#1
I know everybody's a guitar guy here...Hopefully there are a couple of you who can help with this.

I'm a drummer, and I'm teaching someone drums. I'm starting with a few simple key things for him to work on: snare drum technique, rudiments, rock/blues beats/fills, reading sheet music, and understanding rhythm and common rhythm-keeping technique of drummers.

Now we're mostly focussing on technique first...How to hold the sticks (match grip for now), and simply hit the drum in time using acents, regular notes, and ghost notes. Those are the most important, most basic things for a drummer to learn first, basically the mechanics of hitting things, how to hold the sticks and the motions of your hits.

Problem: I learned this a very long time ago. Its second nature to me. My drum teacher loves my technique (unless I'm learning something I've never tried before, everyone's had that day where you're too confused to worry about technique lol), because its been forced into my brain and my muscle memory for years by my teacher and my brother before him. So I have no idea how to dissect what I'm doing and teach it to somebody...I'm always asking him to step off the drumset so I can drum and try to understand how to put what I'm doing into words. It gets very annoying.

I was pretty young when my brother started teaching me (well, middle school, so only a few years ago, but I repress those memories lol), I don't remember how he taught me, and its too natural to put into words. This is a pretty bad problem, I've gained a decent reputation teaching guitar and bass, I don't want that to be ruined because I was thinking of stating to take in students other than my friends and charging for lessons, I know I'm ready.

So I was wondering if anybody had some ideas of what I could tell him about technique?

Thanks for any/all help.

edit: oh and I have another question. Do you think I should start him on bigger sticks? I stated out using 5As, my drum teacher eventually gave me big sticks for drumline snare (and invited me to a sick drumline I didn't have time for unfortunately). Around that time I stated using 7As I now use both 5As and 7As for different styles. Because of this drumstick history I assumed starting on small sticks is fine, I've3 had him using 5As so far, but I hear its easier to learn technique on big sticks.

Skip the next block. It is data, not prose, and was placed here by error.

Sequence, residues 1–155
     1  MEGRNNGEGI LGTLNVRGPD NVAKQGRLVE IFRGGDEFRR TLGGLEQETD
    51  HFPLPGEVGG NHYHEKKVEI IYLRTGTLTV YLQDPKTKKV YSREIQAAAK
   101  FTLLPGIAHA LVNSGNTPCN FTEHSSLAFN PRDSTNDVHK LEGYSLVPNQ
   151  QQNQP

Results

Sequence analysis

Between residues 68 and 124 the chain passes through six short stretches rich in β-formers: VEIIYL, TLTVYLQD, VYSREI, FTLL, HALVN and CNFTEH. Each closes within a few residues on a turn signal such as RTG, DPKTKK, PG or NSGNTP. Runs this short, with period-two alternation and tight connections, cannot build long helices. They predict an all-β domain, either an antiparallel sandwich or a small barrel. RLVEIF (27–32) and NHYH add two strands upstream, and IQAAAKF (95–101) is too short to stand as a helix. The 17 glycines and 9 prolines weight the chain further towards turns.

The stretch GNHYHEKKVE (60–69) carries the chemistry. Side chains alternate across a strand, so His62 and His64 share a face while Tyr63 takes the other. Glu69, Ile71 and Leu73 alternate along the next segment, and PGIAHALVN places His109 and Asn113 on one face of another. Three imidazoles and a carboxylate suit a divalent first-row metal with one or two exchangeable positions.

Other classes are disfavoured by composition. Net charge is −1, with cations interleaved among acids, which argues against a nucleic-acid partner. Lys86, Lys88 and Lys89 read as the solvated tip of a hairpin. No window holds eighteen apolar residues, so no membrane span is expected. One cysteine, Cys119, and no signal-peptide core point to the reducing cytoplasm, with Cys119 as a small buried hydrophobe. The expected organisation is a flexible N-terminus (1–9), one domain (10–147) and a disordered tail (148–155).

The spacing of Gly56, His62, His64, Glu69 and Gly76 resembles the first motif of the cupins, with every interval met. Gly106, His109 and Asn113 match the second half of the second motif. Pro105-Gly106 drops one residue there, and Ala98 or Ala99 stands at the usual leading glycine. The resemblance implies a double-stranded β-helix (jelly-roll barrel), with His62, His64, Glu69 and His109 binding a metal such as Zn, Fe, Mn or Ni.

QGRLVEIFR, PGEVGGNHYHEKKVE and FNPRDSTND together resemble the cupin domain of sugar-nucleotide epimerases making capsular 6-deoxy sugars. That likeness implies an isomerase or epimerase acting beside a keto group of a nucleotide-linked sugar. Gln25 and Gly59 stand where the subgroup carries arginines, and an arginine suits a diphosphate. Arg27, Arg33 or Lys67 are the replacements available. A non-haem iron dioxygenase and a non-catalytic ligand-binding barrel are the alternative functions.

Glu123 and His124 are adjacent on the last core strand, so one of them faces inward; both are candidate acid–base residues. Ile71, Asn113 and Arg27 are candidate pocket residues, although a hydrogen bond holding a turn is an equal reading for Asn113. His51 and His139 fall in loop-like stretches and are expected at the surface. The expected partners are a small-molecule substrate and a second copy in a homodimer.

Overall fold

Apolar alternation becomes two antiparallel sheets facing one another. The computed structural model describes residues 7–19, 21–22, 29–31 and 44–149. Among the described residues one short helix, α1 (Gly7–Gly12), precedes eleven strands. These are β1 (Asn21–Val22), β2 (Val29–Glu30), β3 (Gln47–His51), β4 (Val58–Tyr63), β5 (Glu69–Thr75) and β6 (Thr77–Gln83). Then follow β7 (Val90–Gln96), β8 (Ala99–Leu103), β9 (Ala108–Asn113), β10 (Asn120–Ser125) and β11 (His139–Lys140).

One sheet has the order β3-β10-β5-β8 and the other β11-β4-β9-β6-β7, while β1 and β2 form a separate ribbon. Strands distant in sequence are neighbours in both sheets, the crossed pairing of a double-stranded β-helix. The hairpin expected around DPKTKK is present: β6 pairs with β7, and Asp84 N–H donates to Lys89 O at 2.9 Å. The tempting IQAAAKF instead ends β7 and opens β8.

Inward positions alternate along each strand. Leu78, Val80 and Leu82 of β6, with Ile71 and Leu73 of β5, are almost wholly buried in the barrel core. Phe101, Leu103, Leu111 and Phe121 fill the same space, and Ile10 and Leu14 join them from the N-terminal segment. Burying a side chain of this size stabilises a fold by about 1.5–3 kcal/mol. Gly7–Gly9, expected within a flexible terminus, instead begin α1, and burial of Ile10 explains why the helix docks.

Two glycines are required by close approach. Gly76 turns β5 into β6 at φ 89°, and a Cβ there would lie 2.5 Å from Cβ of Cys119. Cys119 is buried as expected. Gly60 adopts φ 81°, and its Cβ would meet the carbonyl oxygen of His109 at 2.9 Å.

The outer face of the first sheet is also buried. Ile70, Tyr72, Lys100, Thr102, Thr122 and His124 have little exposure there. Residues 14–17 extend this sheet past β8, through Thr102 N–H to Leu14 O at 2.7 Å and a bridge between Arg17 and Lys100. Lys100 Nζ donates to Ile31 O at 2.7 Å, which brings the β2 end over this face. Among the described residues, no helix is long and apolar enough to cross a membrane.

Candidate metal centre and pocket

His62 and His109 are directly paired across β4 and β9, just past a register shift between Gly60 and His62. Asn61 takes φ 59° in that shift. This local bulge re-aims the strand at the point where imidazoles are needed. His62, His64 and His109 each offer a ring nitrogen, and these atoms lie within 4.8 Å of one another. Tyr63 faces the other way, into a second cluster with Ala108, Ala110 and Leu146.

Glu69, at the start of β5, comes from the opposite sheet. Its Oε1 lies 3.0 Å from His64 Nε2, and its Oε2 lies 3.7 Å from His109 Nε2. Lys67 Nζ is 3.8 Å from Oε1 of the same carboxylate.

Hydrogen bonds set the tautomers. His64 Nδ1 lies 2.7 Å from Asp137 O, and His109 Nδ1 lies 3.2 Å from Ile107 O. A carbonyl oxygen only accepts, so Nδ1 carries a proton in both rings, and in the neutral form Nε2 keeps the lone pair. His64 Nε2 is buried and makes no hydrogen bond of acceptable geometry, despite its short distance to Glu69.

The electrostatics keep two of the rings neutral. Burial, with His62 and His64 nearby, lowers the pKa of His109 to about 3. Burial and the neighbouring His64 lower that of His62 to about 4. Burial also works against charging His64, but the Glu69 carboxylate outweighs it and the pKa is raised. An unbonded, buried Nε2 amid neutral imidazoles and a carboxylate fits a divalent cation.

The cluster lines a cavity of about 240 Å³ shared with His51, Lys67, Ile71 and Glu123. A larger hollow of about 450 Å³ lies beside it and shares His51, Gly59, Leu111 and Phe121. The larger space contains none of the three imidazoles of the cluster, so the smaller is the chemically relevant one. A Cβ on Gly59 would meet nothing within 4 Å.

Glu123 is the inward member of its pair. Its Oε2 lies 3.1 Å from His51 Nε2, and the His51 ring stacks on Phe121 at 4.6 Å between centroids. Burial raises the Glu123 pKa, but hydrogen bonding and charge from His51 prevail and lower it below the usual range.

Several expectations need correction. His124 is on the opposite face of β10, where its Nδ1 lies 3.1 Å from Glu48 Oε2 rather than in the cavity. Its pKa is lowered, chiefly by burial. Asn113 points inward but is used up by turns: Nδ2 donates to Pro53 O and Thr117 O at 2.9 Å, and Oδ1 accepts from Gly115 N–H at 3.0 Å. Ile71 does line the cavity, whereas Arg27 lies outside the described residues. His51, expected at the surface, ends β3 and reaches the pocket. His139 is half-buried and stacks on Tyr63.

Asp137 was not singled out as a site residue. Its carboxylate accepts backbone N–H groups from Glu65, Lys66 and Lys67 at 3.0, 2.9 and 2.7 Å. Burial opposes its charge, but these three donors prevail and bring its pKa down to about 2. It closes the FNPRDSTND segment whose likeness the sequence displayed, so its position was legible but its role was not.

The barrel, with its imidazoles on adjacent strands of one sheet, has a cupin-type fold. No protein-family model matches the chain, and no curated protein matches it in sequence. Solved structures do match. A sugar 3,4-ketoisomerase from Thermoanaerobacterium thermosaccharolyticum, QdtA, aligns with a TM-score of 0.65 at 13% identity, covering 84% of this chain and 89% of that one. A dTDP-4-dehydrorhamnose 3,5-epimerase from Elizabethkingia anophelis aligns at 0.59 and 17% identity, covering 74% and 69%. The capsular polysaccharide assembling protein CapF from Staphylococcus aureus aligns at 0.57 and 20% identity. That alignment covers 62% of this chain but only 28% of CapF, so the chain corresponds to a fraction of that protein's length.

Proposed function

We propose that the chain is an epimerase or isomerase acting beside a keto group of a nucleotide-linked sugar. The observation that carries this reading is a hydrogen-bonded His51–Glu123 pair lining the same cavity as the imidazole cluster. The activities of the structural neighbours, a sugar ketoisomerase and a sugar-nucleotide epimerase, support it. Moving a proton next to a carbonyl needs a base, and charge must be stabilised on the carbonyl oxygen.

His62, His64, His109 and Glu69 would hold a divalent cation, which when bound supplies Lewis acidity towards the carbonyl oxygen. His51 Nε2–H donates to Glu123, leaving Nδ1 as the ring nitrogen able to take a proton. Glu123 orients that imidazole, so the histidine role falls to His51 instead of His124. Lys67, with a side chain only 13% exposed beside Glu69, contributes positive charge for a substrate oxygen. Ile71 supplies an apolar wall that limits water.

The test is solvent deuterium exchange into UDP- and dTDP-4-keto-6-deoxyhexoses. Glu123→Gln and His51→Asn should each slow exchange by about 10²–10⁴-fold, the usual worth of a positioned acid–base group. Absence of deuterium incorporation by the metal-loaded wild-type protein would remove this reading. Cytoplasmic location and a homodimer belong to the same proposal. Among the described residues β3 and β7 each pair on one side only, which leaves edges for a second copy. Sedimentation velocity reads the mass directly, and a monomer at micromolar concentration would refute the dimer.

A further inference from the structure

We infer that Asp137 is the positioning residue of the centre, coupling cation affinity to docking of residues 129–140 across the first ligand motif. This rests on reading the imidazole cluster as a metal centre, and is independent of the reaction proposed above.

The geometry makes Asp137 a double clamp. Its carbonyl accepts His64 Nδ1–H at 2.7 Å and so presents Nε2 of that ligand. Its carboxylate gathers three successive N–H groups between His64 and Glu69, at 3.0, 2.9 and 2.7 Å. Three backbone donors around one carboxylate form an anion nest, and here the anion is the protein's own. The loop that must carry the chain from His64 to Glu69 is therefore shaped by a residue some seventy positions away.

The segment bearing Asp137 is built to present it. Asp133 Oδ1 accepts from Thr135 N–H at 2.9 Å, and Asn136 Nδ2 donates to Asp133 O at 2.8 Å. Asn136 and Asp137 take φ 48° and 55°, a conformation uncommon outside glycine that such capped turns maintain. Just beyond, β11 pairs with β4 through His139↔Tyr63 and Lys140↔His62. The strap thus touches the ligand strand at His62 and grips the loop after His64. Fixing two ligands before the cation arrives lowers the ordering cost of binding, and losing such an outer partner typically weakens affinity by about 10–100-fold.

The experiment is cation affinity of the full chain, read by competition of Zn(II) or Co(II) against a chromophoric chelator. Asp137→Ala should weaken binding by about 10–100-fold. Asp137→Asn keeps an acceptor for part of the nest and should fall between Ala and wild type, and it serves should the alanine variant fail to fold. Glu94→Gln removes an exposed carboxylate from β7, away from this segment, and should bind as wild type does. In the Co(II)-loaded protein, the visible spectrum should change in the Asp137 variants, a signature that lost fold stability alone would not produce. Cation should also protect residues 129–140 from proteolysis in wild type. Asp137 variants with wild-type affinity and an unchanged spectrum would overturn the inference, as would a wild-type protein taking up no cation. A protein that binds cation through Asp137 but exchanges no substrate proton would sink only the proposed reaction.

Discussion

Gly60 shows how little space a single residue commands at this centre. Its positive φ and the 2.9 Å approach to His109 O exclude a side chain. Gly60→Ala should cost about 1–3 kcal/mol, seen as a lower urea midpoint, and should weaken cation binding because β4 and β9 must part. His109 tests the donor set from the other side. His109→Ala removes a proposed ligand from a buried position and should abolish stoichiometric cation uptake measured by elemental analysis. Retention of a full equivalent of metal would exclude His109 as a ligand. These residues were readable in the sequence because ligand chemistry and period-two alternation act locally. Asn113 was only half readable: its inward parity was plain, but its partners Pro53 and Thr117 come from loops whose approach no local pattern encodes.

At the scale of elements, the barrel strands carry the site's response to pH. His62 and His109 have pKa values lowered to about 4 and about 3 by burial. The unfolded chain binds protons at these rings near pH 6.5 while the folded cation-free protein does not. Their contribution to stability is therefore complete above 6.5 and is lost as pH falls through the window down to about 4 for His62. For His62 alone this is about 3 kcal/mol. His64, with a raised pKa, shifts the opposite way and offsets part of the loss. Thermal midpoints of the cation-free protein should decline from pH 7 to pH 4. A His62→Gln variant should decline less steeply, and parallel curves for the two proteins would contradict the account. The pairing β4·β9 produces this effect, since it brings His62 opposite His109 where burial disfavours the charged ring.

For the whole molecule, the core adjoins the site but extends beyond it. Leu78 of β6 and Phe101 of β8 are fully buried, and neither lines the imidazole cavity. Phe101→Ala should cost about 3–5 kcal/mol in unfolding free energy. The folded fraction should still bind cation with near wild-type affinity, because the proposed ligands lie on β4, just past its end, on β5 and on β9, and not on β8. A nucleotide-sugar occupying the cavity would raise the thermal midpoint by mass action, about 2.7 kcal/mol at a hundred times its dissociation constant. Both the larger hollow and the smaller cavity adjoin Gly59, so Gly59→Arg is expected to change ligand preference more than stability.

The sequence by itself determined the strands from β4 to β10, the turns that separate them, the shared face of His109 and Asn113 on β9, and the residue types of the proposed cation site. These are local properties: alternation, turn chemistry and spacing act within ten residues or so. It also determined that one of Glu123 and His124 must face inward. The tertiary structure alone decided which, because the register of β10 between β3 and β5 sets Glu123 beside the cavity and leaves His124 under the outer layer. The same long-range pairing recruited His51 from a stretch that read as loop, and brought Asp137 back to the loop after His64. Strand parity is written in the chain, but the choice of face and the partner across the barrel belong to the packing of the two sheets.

Last edited by TMVATDI at Jul 23, 2011,
#2
If you haven't done so, a lesson plan would help. Create goals with your students. Write them down. Before you meet with a student chenille lesson plan and "practice" teaching it before you meet with them. If you've actually got that stuff fresh in your hands and mind then it'll be easier to describe

Edit: 5A's are fine for learning. Once the student has a SOLID grasp of the basics and has advanced from novice to mediocre/average then you can talk about different stick sizes. Beginners don't even know how to play yet let alone know the differences in stick sizes/woods, batter heads, etc
Last edited by vjferrara at Jul 23, 2011,
#3
Quote by vjferrara
If you haven't done so, a lesson plan would help. Create goals with your students. Write them down. Before you meet with a student chenille lesson plan and "practice" teaching it before you meet with them. If you've actually got that stuff fresh in your hands and mind then it'll be easier to describe

Edit: 5A's are fine for learning. Once the student has a SOLID grasp of the basics and has advanced from novice to mediocre/average then you can talk about different stick sizes. Beginners don't even know how to play yet let alone know the differences in stick sizes/woods, batter heads, etc

My drum teacher usually starts people out on 2As, he let me go back to 5A on my second lesson when he realized I had already learned halfway decent technique by then. That's why I was wondering :p

I have sort of a lesson plan, I guess I have a better one for guitar/bass/piano teaching, I teach them first about general harmony, then collaborate with them to create a basic chord progression, then introduce new ways to play with it, solo over it alter it, etc. On drums I planned to teach the way I was taught because I don't have any complaints about my drum education, problem is my first few lessons were so long ago I don't remember how they went
#5
Quote by Myshadow46_2
UG has a drum forum. Perhaps posting there would help?

IT FINALLY GOT ONE!?
#6
Quote by TMVATDI
So I have no idea how to dissect what I'm doing and teach it to somebody...I'm always asking him to step off the drumset so I can drum and try to understand how to put what I'm doing into words. It gets very annoying.


is it plausible to have two kits there, so you don't need to trade off with the student?
#7
I'm a drummer too! Let me see how I can help you.

I would firstly not recommend ghost notes as a starter. In school I learned those a lot later. They only give an extra to the music, an extra a beginner doesn't need yet.

Most important of holding the sticks: thumb and index must hold the stick, the other fingers are for moving the stick. (and later for dubbel hits or whathever they're called in english).

At home: do your techniques and look at your movements (in the mirror), and try analyse it. Helped me

any other questions?
lalala
#8
ascend, no that won't work haha but maybe we can do it with a pad

didii, thanks! that helps a lot